Bob P. - 09/06/12 - 13:59

My above post should have the word “try” in front of refrain! Nobody is perfect, you just have to hope that nobody notices when your filter is off.
Bob P. - 09/06/12 - 17:22

Let’s extend our thinking on this puppy and get really crazy. Say someone posts a fire photo. Someone off-duty, or even a citizen photog, like myself. Say a house fire, with a big mess of flames.

The shot is posted to Facebook, maybe by me, maybe by someone else. Then the Likes start happening. If you’re a responder, does your “Like” become an inappropriate form of expression? Does it have the potential, if a headline appears somewhere “firefighters ‘approve’ of photo showing destroyed home.”

Add an injury or fatality to the incident, and… you see where that can go. What do you think, truly crazy thinking now? Or logical (if perhaps far-fetched) extension of this issue?
Legeros - 09/07/12 - 08:15

One’s perception = their reality. I find stuff on the internet amusing all of the time. However, people may find that offensive, because of the content. You may find a site like “The People of WalMart” amusing, but hit “like” and you are now a racist in many’s minds. I think Bob P says it best. If you said something on Facebook or your blog that you cannot sit and explain to the county manager or mayor, then you are probably better off not saying it. Writing a blog myself has driven this home. There have been many times I have had something to say, but never published it. People get offended easily, and unless you can make a living at it, then it’s better not to.
DJ - 09/07/12 - 09:20

Based on the linked story, there was no opinion of any substance other than “liking” something. Maybe Mr. Carter knew the sheriff’s opponent personally and is a really nice guy. Regardless of the myriad inferences that could (and apparently were) be drawn, nothing objectionable was said (again, based on the article). The only reasonable scenario I see is the sheriff’s ego could not handle the bruising that the “implied” criticism inflicted. The news is bloated with examples of politicians who are despicable human beings. Corruption, infidelity, graft, etc. Which is why I feel politicians are scum. Not all are, you say? Well, we don’t hear much about.from them. Maybe the honorable ones should speak out more and not let the scum steal the limelight. I’d like to see the glass as half full but that seems harder and harder to do lately. They sought public office, hence they better be able to handle criticism from the body politic. Remember ye politicians, you work for us. Is public office a tough job? I’m sure it is. Is there more to it than I realize since I’ve never held office? I’m confident of that, but that doesn’t obviate the responsibility to maintain the public trust.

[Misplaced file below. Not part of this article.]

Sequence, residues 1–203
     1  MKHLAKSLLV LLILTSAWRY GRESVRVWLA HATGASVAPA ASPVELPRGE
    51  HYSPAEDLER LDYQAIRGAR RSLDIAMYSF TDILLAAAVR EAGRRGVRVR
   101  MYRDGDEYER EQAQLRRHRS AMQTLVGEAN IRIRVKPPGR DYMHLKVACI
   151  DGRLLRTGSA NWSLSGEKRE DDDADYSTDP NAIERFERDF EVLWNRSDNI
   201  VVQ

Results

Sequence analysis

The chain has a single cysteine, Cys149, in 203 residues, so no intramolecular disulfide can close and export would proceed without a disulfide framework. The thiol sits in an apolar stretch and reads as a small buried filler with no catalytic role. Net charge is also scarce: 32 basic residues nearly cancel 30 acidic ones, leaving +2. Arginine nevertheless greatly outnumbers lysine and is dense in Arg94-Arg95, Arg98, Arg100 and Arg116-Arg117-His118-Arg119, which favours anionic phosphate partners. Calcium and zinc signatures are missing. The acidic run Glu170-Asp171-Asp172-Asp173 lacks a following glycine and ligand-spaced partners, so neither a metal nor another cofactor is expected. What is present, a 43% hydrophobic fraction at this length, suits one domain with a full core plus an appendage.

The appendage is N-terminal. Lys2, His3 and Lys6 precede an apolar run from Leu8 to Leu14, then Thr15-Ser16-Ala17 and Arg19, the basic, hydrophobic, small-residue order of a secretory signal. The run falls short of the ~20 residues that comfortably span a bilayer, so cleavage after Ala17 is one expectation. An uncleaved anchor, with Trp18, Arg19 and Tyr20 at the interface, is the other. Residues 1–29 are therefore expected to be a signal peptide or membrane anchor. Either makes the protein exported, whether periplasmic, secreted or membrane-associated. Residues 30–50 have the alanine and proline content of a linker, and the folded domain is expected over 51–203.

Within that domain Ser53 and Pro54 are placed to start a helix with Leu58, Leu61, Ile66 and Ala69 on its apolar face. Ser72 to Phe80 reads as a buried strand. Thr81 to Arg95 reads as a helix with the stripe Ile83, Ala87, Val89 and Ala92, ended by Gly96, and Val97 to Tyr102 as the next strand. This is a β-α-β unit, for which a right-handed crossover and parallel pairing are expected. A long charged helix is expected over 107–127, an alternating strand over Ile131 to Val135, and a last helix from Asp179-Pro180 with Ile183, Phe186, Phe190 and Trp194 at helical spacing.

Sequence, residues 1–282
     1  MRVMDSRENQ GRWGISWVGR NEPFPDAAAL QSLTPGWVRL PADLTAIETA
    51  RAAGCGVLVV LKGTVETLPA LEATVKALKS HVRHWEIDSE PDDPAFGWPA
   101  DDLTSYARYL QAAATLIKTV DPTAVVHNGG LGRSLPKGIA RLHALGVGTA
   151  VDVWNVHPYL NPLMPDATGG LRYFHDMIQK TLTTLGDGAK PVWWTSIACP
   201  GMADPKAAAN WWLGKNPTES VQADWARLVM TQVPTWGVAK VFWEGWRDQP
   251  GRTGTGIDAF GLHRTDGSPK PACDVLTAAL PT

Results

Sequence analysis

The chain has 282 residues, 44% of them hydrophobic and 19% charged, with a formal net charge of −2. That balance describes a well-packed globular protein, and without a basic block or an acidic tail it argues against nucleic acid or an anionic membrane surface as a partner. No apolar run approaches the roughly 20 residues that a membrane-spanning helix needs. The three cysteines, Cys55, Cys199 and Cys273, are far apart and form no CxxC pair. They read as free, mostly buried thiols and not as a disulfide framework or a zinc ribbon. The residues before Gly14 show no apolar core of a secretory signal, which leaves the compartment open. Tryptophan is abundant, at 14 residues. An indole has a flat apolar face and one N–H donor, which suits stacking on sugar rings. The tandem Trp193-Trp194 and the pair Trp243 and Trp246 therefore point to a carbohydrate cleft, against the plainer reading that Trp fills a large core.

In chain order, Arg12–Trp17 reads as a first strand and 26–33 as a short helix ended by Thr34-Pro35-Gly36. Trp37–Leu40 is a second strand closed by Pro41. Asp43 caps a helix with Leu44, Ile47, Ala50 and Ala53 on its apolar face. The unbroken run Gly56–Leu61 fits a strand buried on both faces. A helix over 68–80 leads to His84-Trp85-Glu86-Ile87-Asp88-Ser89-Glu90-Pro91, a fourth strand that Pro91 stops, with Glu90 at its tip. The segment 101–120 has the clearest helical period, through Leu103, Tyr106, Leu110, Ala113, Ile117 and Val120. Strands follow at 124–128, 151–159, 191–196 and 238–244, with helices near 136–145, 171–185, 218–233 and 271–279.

I always treat others with the respect their words and actions deserve. I try never to jump to any conclusions and realize that I probably don’t know the whole story. At some point, however, poor performance and conduct becomes all too evident; then, criticism needs to be levied. If a shady politician disrespects their office and the public they serve by philandering or taking kickbacks (etc.), they should not expect respect in return. Basically, that sheriff should have the integrity to stand behind his performance and meet legitimate criticism with a defensible counterpoint. Anything other than that is hiding behind the position/office and abusing their power. I feel I’m going to start rambling, so I better quit before I jump off the deep end. If I offended anyone, oh well, they are only words. I can handle it if you don’t agree with me.
Bob (without the P.) - 09/11/12 - 23:00